An international team of scientists have found new clues about the development of our solar system, after examining radioactive elements in another star-forming region of the galaxy. The study, which used observations of the Ophiuchus star-forming complex, has allowed the astronomers to conclude that nearby supernovas are the most likely source of these elements in our solar system.
“Our solar system was most likely formed in a giant molecular cloud together with a young stellar cluster, and one or more supernova events from some massive stars in this cluster contaminated the gas which turned into the sun and its planetary system,” explains Douglas Lin, professor emeritus of astronomy and astrophysics at the University of California, US, and co-author on a paper describing the research, published in Nature Astronomy.
“Although this scenario has been suggested in the past, the strength of this paper is to use multi-wavelength observations and a sophisticated statistical analysis to deduce a quantitative measurement of the model’s likelihood.”
This research used observations taken at a range of different wavelengths of light – from infra-red waves through to gamma rays – to examine the Ophiuchus region, where stars are currently forming.
“The enrichment process we’re seeing in Ophiuchus is consistent with what happened during the formation of the solar system 5 billion years ago,” says John Forbes, a researcher at the Flatiron Institute’s Center for Computational Astrophysics, in the US, and first author on the paper.
“Once we saw this nice example of how the process might happen, we set about trying to model the nearby star cluster that produced the radionuclides we see today in gamma rays.”
Meteorites that are known to be pristine remnants of our early solar system have products of certain short-lived radioactive elements, like aluminium-26. While astronomers have known about these elements since the 1970s, it hasn’t been entirely clear how they got into our solar system while it was forming – they could have come from nearby supernovas, or possibly from more distant massive stars called Wolf-Rayet stars.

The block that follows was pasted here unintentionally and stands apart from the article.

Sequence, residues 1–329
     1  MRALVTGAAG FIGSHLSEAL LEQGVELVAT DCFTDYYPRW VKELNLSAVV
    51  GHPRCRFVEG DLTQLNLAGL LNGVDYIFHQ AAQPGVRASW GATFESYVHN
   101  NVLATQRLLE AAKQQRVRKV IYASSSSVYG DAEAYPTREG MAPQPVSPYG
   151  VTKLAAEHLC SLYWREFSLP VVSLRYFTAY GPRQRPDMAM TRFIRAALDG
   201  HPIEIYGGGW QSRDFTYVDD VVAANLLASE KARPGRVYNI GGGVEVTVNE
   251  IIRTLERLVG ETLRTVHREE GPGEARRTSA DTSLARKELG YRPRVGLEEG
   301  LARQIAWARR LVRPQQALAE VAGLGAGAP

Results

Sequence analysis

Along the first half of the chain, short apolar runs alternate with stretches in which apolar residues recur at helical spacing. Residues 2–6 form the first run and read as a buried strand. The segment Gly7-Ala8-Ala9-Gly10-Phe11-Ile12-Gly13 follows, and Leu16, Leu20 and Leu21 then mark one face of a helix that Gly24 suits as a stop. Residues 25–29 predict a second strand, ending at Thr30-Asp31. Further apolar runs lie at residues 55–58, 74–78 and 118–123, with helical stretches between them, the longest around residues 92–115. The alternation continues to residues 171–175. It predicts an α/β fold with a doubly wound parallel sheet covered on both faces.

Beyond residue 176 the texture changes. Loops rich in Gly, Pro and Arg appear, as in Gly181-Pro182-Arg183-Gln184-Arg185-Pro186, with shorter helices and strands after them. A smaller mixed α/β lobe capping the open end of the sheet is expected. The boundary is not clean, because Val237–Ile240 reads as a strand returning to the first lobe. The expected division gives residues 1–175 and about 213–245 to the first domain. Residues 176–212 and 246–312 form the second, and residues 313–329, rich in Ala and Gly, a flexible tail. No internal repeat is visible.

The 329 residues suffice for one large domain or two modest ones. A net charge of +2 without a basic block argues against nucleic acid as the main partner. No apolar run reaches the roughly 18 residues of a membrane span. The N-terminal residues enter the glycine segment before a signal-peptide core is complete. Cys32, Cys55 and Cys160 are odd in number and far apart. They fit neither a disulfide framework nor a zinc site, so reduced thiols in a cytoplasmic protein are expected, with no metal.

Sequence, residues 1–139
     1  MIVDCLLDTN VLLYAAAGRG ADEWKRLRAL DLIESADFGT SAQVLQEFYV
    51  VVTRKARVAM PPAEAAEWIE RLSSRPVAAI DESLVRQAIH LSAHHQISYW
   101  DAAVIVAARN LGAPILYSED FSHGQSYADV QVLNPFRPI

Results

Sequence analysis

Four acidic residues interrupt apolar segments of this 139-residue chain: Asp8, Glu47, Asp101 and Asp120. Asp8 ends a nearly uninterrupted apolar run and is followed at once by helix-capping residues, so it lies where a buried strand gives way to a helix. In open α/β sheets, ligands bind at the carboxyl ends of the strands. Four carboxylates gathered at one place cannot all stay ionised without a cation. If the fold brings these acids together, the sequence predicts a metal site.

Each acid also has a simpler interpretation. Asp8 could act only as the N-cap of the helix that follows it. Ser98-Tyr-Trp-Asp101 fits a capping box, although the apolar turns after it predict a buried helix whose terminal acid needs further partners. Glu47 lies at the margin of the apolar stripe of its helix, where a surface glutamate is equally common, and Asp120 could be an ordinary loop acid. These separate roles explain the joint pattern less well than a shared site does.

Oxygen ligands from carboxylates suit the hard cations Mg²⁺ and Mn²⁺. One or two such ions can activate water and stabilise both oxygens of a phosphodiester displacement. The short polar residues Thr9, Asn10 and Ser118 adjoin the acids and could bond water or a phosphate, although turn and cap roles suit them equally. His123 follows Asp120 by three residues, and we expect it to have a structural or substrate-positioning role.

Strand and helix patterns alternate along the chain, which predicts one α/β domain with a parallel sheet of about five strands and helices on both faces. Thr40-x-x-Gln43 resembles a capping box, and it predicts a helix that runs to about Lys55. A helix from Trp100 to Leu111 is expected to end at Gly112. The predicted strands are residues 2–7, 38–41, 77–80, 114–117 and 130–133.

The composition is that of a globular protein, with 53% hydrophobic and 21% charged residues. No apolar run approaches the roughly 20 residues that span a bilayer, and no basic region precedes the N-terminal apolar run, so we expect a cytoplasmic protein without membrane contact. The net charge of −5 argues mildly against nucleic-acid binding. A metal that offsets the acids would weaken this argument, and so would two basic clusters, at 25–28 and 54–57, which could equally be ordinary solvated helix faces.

“We now have enough information to say that there is a 59% chance it is due to supernovas and a 68% chance that it’s from multiple sources and not just one supernova,” says Forbes.
The model they developed also predicts that there will be huge variation in the amount of aluminium-26 (and other short-lived radioactive elements) between different star systems.
“Many new star systems will be born with aluminum-26 abundances in line with our solar system, but the variation is huge – several orders of magnitude,” says Forbes.
“This matters for the early evolution of planetary systems, since aluminum-26 is the main early heating source. More aluminum-26 probably means drier planets.”
Ellen Phiddian is a science journalist at Cosmos. She has a BSc (Honours) in chemistry and science communication, and an MSc in science communication, both from the Australian National University.
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